The content of non-enzymatic antioxidants and the activity of the antioxidant enzymes were also evaluated in both organs assayed. Independently of the sampling site, all of them were lower in gills than in the liver.

Regarding the non-enzymatic lipid antioxidants, the contents of α-tocopherol (Mann-Whitney test; U = 2.000; n=10;P = 0.063) and β-carotene (Mann-Whitney test; U = 3.000; n=10;P = 0.25) in the gills did not showed significant differences between sampling sites (Table 2). In the liver (Table 2), the content of α-tocopherol was significantly higher in fishes from Varela bay than in those from Golondrina bay (Mann-Whitney test; U = 0.000; n = 10; P = 0.029), whereas the content of β-carotene did not show significant differences between sampling sites (Mann-Whitney test; U = 8.000; n = 10; P = 0.421). The contents of both non-enzymatic lipid antioxidants were significantly higher in the liver than in the gills of fishes from the same sampling site (α-tocopherol for Varela bay: Mann-Whitney test; U = 0.000; n = 10; P = 0.016; α-tocopherol for Golondrina bay: Mann-Whitney test; U = 0.000; n = 10; P = 0.008; β-carotene for Varela bay: Mann-Whitney test; U = 0.000; n = 10; P = 0.036 and β-carotene for Golondrina bay: Mann-Whitney test; U = 1.000; n = 10; P = 0.015).


Antioxidant capacity of O. nigricans from the different sampling sites. Data are expressed as mean ± S.E. for three replicates of each of the five individuals from each sampling site. ND: not determined.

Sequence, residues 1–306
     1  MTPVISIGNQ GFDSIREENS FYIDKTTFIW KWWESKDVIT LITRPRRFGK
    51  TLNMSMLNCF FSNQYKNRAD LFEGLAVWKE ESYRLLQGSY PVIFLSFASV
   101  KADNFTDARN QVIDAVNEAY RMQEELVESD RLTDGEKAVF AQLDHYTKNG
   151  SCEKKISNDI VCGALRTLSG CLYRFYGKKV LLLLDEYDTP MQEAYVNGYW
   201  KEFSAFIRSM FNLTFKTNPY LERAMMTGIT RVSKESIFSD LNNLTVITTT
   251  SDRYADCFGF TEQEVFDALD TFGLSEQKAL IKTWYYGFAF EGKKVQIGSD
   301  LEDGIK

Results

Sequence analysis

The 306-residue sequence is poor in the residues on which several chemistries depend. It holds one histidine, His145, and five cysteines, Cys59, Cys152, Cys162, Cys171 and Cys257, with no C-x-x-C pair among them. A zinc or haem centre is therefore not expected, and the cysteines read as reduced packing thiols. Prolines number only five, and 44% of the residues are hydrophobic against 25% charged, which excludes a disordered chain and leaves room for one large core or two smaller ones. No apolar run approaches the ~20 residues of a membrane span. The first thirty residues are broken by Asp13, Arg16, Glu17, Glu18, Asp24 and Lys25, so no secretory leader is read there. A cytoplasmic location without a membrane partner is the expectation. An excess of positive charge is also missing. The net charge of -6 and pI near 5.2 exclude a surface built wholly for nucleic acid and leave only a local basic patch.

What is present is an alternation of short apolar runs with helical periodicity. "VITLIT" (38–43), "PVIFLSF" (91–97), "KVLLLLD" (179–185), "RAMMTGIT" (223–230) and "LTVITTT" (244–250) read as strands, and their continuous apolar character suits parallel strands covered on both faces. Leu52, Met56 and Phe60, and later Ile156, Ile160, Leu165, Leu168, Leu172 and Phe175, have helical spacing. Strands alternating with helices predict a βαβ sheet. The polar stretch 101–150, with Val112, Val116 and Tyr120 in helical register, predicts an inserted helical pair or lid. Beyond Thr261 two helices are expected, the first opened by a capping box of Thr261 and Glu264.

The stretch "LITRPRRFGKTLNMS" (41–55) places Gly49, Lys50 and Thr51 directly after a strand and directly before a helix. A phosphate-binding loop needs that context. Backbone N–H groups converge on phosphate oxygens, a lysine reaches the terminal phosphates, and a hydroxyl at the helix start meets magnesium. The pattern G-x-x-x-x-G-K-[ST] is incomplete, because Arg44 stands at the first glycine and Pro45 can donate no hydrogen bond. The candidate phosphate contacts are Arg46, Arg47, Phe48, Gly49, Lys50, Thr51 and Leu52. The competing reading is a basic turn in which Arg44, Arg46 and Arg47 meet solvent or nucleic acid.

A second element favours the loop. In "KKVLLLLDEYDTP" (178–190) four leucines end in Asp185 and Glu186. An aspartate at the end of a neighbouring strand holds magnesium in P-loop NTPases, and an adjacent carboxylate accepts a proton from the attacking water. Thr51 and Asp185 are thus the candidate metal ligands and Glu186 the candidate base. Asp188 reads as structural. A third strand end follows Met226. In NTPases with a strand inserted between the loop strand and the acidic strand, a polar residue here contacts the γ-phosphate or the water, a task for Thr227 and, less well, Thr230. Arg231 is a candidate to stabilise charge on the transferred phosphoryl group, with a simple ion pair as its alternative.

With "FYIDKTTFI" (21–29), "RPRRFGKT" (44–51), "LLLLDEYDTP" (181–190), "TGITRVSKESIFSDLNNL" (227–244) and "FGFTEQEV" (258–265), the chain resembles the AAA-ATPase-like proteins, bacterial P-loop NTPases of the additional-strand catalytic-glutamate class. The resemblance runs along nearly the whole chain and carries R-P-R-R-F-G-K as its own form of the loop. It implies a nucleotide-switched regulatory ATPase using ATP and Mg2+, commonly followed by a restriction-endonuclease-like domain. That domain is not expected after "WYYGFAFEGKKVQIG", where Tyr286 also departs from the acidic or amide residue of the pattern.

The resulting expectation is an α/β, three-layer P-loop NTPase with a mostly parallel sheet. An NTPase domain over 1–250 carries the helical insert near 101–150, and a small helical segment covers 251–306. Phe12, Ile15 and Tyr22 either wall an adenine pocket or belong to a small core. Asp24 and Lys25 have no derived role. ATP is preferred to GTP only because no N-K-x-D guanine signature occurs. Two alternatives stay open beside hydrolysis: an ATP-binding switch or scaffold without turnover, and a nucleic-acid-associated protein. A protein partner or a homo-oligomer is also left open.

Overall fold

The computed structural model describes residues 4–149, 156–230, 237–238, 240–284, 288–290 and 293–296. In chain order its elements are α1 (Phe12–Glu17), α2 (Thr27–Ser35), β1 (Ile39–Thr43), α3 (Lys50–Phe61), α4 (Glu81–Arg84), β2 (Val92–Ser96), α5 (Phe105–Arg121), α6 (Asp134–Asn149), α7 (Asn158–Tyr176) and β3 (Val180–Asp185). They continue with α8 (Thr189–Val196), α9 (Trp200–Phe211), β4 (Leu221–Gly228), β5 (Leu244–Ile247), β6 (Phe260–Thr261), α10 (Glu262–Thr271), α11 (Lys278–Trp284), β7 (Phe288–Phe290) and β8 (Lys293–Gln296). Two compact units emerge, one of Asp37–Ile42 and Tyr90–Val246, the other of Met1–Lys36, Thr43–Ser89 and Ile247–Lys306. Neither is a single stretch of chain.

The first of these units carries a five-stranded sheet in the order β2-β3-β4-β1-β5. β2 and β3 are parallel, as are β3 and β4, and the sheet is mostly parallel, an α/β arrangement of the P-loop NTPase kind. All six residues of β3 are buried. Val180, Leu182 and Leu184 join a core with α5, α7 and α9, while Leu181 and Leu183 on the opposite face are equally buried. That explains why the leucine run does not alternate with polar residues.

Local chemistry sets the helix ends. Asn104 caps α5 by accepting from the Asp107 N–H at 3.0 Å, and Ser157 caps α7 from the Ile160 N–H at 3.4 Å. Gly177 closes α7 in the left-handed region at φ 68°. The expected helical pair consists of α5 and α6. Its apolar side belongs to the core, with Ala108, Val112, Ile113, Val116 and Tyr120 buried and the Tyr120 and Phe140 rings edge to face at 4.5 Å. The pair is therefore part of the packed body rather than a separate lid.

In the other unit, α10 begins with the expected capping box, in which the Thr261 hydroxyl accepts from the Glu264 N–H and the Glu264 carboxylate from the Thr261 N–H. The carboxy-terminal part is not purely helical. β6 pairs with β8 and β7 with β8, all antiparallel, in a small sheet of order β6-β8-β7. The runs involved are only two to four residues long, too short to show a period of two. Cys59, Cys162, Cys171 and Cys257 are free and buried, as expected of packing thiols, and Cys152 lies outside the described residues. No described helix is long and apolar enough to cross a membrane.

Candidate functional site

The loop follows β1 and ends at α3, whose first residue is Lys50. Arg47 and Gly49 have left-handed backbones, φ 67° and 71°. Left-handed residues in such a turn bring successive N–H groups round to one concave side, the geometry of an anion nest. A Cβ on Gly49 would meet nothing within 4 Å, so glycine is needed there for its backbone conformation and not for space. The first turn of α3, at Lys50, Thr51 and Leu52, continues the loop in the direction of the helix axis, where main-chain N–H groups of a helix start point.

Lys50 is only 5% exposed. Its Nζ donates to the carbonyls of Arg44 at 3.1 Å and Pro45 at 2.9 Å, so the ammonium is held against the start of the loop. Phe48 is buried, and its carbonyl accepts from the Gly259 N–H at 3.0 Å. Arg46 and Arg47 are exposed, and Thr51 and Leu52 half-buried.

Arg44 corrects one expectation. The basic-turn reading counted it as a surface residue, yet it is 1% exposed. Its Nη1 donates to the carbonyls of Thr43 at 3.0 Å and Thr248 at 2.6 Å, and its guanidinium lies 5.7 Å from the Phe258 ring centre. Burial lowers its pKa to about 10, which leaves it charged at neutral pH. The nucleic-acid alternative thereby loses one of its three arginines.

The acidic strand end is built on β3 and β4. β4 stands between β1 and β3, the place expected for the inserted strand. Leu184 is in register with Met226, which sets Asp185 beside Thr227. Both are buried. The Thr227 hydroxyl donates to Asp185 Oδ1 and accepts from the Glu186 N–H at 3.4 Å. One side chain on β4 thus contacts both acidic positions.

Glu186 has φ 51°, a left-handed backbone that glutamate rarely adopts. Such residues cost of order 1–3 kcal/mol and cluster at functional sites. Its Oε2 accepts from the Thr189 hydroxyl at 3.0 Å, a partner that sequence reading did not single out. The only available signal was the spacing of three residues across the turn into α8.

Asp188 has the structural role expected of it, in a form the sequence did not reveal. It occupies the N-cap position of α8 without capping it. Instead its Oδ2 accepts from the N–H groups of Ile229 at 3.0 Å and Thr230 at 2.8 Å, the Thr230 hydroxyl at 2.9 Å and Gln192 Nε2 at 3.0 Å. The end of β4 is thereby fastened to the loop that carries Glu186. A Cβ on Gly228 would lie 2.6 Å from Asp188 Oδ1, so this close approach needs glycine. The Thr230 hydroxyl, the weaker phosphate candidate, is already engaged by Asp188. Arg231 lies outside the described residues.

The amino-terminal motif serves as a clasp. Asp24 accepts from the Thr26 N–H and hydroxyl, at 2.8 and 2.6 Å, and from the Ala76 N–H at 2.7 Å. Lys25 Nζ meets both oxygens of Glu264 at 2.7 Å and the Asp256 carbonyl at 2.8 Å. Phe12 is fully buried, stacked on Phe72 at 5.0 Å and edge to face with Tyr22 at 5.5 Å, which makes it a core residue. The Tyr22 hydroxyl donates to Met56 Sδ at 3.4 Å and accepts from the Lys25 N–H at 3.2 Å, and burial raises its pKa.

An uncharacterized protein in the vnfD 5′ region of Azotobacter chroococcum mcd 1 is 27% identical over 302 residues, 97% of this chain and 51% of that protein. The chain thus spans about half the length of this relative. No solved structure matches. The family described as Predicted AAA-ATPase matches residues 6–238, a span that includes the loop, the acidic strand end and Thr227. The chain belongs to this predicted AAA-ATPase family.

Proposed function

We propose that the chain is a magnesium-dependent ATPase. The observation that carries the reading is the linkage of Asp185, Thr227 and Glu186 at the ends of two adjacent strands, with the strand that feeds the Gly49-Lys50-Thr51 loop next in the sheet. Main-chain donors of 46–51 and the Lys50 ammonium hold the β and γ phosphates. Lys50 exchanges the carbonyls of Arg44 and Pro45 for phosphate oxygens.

Capacidad antioxidante de O. nigricans de los distintos sitios de muestreo. Los datos están expresados como la media ± EE de tres réplicas para cada uno de los cinco individuos de cada sitio de muestreo. ND: no determinado.


A high activity of CAT was also registered in the liver, being 53 % higher in fishes from Varela bay than in those from Golondrina bay (Table 2, Mann-Whitney test, U = 27.000; n = 10; P = 0.050). The activity of CAT could not be determined in the gills due to the lack of sample. The activity of SOD in the gills did not differ significantly between sampling sites (Table 2, Mann-Whitney test; U = 10.000; n = 10; P = 0.429), but it did in the liver, being 44 % higher in Varela bay than in Golondrina bay (Table 2, Mann-Whitney test; U = 0.000; n = 10; P = 0.009). No significant differences were observed in the activity of SOD between organs at each sampling site (Table 2, Varela bay: Mann-Whitney test; U = 14.000; n = 10; P = 0.931; Golondrina bay: Mann-Whitney test; U = 10.000; n = 10; P = 0.240).

Typical EPR spectra of A- in the gills and in the liver of fishes collected at the two sampling sites were observed with the characteristic two lines at g = 2.005 and aH = 1.8 G, in accordance to computer spectral simulated signals obtained with the parameters given in the Material and Methods section. Neither the content of A-(Mann-Whitney test; U = 11.000; n=10;P = 0.841) and AH- (Mann-Whitney test; U = 9.000; n = 10; P = 0.548) nor the A- content/AH-content ratio in gills (Mann-Whitney test; U = 11.000; n = 10; P = 0.841) did differ significantly between Varela and Golondrina bays (Fig. 4). Typical EPR spectra of A- in the liver are shown in Fig. 5A. The contents of A- (Mann-Whitney test; U = 0.000; n = 10; P = 0.050), AH- (Mann-Whitney test; U = 0.000; n = 10; P = 0.036) and the A- / AH- ratio (Mann-Whitney test; U = 0.000; n = 10; P = 0.050) assessed in the liver (Fig. 5B) were significantly different between both sampling sites. Significant higher values of A' content in gills than in liver were measured at Varela (Mann-Whitney test; U = 1.000; n = 10; P = 0.016) and Golondrina (Mann-Whitney test; U = 1.000; n = 10; P = 0.016) bays. The A- /AH-


Fig 4: A· () and AH- () contents and Acon-tent /AH- content ratio () in gills of O. nigricans from different sampling sites.

Contenidos de A· () y AH- () y la relación de contenido de A' /contenido de AH- () en branquias de O. nigricans capturados en los distintos sitios de muestreo.